Dallas Scene of the Day: ‘Are We Going to Cap Her Teeth?’

Dallas, J.R. Ewing, Larry Hagman, Shadow of a Doubt

Cruel and unusual

In “Shadow of a Doubt,” an eighth-season “Dallas” episode, J.R. (Larry Hagman) comes home and begins fixing a drink in the living room as Sue Ellen (Linda Gray) comes down the stairs.

SUE ELLEN: Good evening. I’ve been waiting for you to come home.

J.R.: Well, I guess so. It’s like a morgue in here.

SUE ELLEN: Well, it is a little quiet with Miss Ellie and Clayton gone, and Pam and Lucy doing whatever she’s doing lately. She hardly comes out of her room at night.

J.R.: Well, it’ll never be like it was in the old days when everybody at the table was a Ewing. We got Farlows and Krebbs and well, even Lucy’s a Cooper still I guess, isn’t she? [Sue Ellen nods.] Yeah, it’s just you and me and Bobby left, that’s all. [Sips his drink]

SUE ELLEN: There is one more Ewing.

J.R.: What, John Ross? Well, I don’t count him as a Ewing yet.

SUE ELLEN: Well, I was thinking about Jamie.

J.R.: You don’t think I consider her a Ewing, do you?

SUE ELLEN: What I was about to say is that she and I went shopping today and we have a little surprise for you.

J.R.: She’s going back to Alaska?

SUE ELLEN: Stop that.

J.R.: [Chuckles] I’m just teasing, honey.

SUE ELLEN: Come on.

J.R.: All right, what is this surprise?

She takes him by the hand and leads him to the foyer. Jamie (Jenilee Harrison) comes down the stairs, dressed to the nines.

SUE ELLEN: Isn’t she beautiful?

J.R.: Well, it’s amazing what a few thousand dollars can do, isn’t it?

SUE ELLEN: Oh, J.R., what a terrible thing to say.

J.R.: Really? Well, what’s next? Are we going to cap her teeth?

JAMIE: There’s nothing wrong with my teeth.

J.R.: Well, I guess not. You’re sure taking a big enough bite out of the Ewing apple.

JAMIE: You know, I didn’t ask for any of this.

J.R.: Well, I know how hard it must have been for Sue Ellen to convince you to take it.

SUE ELLEN: As a matter of fact, it was.

J.R.: Well, congratulations, young lady, on finding yourself a real nice home.

JAMIE: You know, you’re really something. No wonder my daddy didn’t want to have anything to do with you.

J.R.: Well, it’s a shame you’re not more like him. [Jamie runs upstairs.] Now don’t go away mad.

SUE ELLEN: How can you be so cruel?

J.R.: Not cruel. Suspicious.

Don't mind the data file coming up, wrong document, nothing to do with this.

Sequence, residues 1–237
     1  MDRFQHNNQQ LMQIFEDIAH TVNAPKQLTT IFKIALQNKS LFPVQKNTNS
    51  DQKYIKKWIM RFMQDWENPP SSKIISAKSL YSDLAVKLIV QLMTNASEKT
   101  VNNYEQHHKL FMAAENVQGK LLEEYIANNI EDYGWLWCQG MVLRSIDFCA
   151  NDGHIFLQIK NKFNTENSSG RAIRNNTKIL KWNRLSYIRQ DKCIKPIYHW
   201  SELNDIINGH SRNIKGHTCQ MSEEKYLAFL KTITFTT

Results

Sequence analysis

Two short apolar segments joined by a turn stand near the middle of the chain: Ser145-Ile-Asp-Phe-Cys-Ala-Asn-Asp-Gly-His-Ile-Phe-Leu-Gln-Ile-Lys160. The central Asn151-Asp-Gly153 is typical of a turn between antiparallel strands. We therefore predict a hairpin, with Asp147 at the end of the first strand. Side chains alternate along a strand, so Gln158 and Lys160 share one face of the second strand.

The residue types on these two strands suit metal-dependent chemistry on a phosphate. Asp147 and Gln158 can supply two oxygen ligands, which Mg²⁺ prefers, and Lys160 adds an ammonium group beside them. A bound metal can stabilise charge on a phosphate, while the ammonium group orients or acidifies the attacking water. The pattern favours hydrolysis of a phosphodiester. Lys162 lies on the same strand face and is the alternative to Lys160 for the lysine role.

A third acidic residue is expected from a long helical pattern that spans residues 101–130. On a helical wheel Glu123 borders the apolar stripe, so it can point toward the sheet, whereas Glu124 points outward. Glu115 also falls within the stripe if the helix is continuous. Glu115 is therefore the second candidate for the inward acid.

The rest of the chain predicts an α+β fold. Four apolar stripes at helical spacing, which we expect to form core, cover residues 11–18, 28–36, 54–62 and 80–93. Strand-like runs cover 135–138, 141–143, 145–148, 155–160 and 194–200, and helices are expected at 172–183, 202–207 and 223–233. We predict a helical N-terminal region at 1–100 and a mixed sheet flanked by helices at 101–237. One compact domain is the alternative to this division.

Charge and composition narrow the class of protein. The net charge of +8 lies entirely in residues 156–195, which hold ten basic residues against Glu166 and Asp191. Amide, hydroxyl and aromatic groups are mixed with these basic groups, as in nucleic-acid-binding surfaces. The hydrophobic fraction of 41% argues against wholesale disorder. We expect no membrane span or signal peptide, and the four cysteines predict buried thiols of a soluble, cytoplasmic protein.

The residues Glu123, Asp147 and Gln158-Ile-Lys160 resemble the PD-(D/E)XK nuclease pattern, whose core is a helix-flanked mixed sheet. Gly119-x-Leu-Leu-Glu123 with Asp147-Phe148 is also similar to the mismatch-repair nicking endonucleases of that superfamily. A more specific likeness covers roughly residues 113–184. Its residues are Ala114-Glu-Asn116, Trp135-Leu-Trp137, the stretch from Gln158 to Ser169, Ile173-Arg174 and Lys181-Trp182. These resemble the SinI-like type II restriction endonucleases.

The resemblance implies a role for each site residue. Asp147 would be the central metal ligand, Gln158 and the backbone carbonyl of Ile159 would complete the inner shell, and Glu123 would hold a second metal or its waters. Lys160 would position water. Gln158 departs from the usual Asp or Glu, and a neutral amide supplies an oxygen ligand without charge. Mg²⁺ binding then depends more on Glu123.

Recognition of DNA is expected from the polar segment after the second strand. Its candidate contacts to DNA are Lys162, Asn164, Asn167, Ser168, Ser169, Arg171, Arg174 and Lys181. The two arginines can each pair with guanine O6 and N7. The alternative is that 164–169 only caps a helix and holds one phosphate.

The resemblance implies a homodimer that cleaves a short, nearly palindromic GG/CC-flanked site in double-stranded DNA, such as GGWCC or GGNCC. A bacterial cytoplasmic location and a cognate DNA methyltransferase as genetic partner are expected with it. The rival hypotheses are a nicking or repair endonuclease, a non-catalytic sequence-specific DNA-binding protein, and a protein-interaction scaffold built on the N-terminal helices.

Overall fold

SUE ELLEN: I thought you had changed. But I still see a lot of the old J.R. — the one I hated.

He enters the dining room and takes a seat as Teresa (Roseanna Christiansen) enters.

TERESA: Will you be eating alone?

J.R.: Yeah, it seems like it, doesn’t it?

Watch this scene in “Shadow of a Doubt,” available on DVD and at Amazon and iTunes, and share your comments below.

Critique: ‘Dallas’ Episode 167 — ‘Shadow of a Doubt’

Dallas, Pam Ewing, Shadow of a Doubt, Victoria Principal

Chasing ghosts

Pam shifts into girl-detective mode in “Shadow of a Doubt,” searching for the truth about Mark Graison’s death. She leaves no stone unturned, seemingly questioning everyone who shared a connection with her onetime fiancé — his maid, his lawyer, even his florist — and ultimately concludes Mark might still be alive. Victoria Principal brings the right balance of determination and puzzlement to each of these scenes; it’s been years since she’s dominated an episode so thoroughly. Nevertheless, I find it hard to get excited about this storyline. Was anyone clamoring for Mark’s return in 1984? Wouldn’t you rather see Pam pouring herself into fighting for Bobby?

On the other hand: Bobby isn’t quite the catch he once was, is he? Consider: He now knows that Katherine forged the letter that broke up his marriage to Pam. He’s also admitted to J.R. that he still loves his ex-wife. And as far as Bobby knows, Mark is out of the picture for good and Pam is finally free. So why hasn’t Bobby returned to her? I suppose “Dallas” wants us to believe Bobby is genuinely torn between two women, given how hard the show is selling the Bobby/Jenna pairing. “Shadow of a Doubt” even sends Patrick Duffy and Priscilla Beaulieu Presley to a waterpark, where Bobby proposes to Jenna as they go down a slide together. (She accepts, of course, although the dubbing in this scene isn’t the greatest: Notice how Presley’s lips don’t move while they’re on the slide, even though Bobby and Jenna banter the whole way down.) It’s a cute scene, but given what we know about Bobby’s sense of duty and honor, I can’t help but wonder why he’s proposing to one woman when his heart belongs to another.

J.R. is a little easier to love in “Shadow of a Doubt,” which showcases Larry Hagman’s comedic talents more than most episodes. In the scene where Sly tells J.R. that Cliff is convinced he’s behind Westar’s offer to merge with Barnes-Wentworth, Hagman looks tickled to deliver J.R.’s response: “You know the wonderful thing about being me, Sly? With my reputation, I don’t have to do a damn thing. Everybody thinks that I’m behind half the deals in Dallas anyway.” There’s also some fun interplay between Linda Gray and Hagman at the waterpark, where Sue Ellen catches J.R. checking out two shapely women in sexy swimwear. She cuts him a dirty look, although he’s so distracted, it takes him awhile to realize he’s been caught. Guess our hero isn’t as smooth as he thinks.